Before heading to concerts, young professionals and bohemian types gather for beer and bitterballen, the Dutch answer to tapas, in Amsterdam’s trendy Eastern Docklands.
These artificial peninsulas, east of Centraal Station, were reclaimed from the river IJ in the 19th century to create warehouses for the booming shipping industry, and the wider area includes even earlier buildings used by the Dutch East India Company. The docks fell into disuse by the 1970s, but the district has undergone a thorough redevelopment while retaining its industrial façade.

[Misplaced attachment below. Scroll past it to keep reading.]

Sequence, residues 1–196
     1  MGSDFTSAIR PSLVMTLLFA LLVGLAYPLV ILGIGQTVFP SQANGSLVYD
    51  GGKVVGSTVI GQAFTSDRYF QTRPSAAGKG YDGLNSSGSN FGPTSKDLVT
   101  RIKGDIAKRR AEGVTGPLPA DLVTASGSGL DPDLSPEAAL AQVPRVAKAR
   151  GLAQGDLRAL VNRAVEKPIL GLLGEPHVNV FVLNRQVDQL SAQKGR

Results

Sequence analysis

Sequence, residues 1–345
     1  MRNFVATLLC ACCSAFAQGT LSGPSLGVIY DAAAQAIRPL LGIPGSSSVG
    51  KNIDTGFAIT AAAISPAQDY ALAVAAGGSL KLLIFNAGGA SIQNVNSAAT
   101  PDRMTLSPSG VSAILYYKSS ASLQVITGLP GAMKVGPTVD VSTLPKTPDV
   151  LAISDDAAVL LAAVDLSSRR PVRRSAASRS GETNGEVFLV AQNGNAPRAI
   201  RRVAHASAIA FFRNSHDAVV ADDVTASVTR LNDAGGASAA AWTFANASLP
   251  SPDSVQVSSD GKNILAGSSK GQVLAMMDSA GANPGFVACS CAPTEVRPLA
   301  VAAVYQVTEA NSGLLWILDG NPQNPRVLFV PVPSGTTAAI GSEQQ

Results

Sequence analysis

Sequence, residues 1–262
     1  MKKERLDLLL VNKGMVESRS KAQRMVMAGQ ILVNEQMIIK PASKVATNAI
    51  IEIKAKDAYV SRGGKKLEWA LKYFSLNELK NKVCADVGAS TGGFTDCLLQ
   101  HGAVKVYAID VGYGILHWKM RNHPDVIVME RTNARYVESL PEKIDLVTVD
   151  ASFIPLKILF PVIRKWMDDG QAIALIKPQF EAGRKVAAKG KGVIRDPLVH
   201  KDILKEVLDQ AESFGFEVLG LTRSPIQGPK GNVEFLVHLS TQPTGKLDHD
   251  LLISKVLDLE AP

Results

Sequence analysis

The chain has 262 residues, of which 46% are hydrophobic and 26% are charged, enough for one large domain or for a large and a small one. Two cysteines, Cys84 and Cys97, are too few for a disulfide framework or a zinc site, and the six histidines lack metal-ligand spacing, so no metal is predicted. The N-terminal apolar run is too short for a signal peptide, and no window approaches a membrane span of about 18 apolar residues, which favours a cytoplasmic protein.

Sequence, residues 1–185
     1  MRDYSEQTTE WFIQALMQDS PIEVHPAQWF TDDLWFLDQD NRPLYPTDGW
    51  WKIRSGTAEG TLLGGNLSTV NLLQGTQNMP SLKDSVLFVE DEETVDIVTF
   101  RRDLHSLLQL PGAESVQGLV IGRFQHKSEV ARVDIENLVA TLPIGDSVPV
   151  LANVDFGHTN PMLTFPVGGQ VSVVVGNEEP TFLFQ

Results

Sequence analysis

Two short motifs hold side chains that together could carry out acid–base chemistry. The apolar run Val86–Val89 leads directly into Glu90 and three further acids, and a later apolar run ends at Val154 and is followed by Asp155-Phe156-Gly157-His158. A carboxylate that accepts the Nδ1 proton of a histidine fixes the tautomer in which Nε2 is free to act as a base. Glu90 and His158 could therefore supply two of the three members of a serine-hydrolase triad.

Traditionally a way of using up leftovers, bitterballen are miniature meatballs coated in breadcrumbs and deep fried. This beer snack is usually made with beef or veal and is inevitably served with mustard.
Hannekes Boom, an ultra laid-back beer garden on the waterfront, has some of the district’s best. It is a quirky place to watch boats meander past and experience the famous Amsterdam gezelligheid, or conviviality. Brouwerij ‘t IJ is a leading microbrewery housed inside a converted municipal bathhouse next to De Gooyer, a windmill that dates from 1725.
Photographs: Dreamstime; Alamy